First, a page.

President Barack Obama is to travel to Hawaii this week to mark the new designation of the expanded Papahanaumokuakea Marina National Monument which he signed despite strong opposition from the Hawaii fishing industry.
Obama’s signing of the proclamation Friday quadruples in size the Hawaii monument originally created by President George W. Bush in 2006.
The Papahanaumokuakea Marine National Monument will contain some 582,578 square miles, more than twice the size of Texas.
President Obama who was born in Hawaii is expected to cite the need to protect public lands and waters from climate change.
In expanding the monument, Obama cited its “diverse ecological communities” as well as “great cultural significance to the Native Hawaiian community and a connection to early Polynesian culture worthy of protection and understanding.”
The monument designation bans commercial fishing and any new mining, as is the case within the existing monument. Recreational fishing will be allowed through a permit, as will be scientific research and the removal of fish and other resources for Native Hawaiian cultural practices.
The Western Pacific fishery Management Council of which American Samoa is a member voiced disappointment with Obama’s decision, saying it “serves a political legacy” rather than a conservation benefit.
Council member from American Samoa Taulapapa Willie Sword told KHJ News in a recent interview the territory should be concerned with the Hawaii monument expansion because “we could be next.”
There was also opposition from the fishing industry in Hawaii.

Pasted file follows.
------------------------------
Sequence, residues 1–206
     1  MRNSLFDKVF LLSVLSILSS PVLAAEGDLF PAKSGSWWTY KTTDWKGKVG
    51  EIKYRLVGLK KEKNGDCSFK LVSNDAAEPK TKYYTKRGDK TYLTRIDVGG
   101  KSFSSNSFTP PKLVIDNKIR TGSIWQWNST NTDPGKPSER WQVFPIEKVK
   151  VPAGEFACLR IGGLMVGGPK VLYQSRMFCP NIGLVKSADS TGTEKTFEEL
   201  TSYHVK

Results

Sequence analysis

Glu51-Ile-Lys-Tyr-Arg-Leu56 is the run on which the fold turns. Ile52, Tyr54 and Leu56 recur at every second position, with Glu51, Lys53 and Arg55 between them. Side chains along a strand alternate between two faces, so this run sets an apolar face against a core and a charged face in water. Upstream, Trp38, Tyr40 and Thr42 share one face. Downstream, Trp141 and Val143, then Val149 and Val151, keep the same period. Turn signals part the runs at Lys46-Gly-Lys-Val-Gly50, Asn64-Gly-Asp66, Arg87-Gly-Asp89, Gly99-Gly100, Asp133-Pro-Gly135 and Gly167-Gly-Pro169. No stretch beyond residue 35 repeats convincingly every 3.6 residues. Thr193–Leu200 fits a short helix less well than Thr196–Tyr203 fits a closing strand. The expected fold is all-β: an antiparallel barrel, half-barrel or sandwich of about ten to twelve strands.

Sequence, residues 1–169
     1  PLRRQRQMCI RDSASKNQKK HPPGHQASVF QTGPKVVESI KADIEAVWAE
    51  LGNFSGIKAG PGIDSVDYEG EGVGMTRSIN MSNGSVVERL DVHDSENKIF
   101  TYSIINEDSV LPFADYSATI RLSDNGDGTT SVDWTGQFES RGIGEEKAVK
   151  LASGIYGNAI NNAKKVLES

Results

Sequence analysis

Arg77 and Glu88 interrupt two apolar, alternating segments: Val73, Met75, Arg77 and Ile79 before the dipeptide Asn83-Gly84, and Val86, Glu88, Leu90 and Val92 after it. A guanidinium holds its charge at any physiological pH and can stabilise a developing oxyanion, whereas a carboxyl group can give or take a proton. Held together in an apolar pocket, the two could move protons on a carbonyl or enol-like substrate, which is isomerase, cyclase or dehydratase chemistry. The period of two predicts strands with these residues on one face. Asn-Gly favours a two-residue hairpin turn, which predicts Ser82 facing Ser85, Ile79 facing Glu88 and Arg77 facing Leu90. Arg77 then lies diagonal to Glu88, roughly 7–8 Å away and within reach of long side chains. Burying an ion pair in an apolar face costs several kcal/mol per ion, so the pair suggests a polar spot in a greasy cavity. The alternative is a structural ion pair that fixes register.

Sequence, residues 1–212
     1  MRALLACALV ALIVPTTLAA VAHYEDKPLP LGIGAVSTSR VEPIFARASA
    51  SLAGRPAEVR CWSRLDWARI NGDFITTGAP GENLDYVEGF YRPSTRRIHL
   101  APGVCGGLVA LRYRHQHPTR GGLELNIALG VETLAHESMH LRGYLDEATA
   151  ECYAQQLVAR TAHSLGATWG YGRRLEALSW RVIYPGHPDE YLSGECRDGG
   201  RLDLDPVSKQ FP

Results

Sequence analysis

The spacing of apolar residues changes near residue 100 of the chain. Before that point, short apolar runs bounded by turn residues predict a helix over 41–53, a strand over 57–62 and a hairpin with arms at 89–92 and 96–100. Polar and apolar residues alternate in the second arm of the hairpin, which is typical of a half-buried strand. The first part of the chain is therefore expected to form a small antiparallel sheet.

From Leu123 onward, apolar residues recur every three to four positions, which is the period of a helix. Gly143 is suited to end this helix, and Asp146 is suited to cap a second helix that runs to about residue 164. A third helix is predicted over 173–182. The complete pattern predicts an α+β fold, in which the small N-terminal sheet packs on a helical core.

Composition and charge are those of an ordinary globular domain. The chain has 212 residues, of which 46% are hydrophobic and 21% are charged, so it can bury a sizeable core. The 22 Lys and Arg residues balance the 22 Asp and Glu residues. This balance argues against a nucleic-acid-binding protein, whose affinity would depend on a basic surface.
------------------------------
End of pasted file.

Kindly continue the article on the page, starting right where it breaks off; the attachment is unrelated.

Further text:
Sean Martin, the president of the Hawaii Longline Association, said his organization was disappointed Obama closed an area nearly the size of Alaska without a public process.
“This action will forever prohibit American fishermen from accessing those American waters. Quite a legacy indeed,” he said in an email to The Associated Press.
The Pew Charitable Trusts helped lead the push to expand the monument. It says research shows that very large, fully protected marine reserves are necessary to rebuild fish populations and diversity of species.
The White House said the expansion is a response to a proposal from Democratic Sen. Brian Schatz and prominent Native Hawaiian leaders.
The federal government will also give Hawaii’s Department of Natural Resources and Office of Hawaiian Affairs a greater role in managing the monument, an arrangement requested by Schatz and Governor David Ige.
Ige signed off on the expansion last Wednesday, telling Obama in a letter that there had been tremendous debate on the issue locally.
In the end, he decided the “proposal strikes the right balance at this time for the waters surrounding the Hawaiian Islands, and it can be a model for sustainability in the other oceans of planet Earth.”
But American Samoa’s US Congresswoman Aumua Amata, said the monument expansion would place an already economically challenged territory at greater risk.
Amata said, “Our local fishing industry, which comprises more than 80 percent of the local economy, depends heavily on access to these waters.”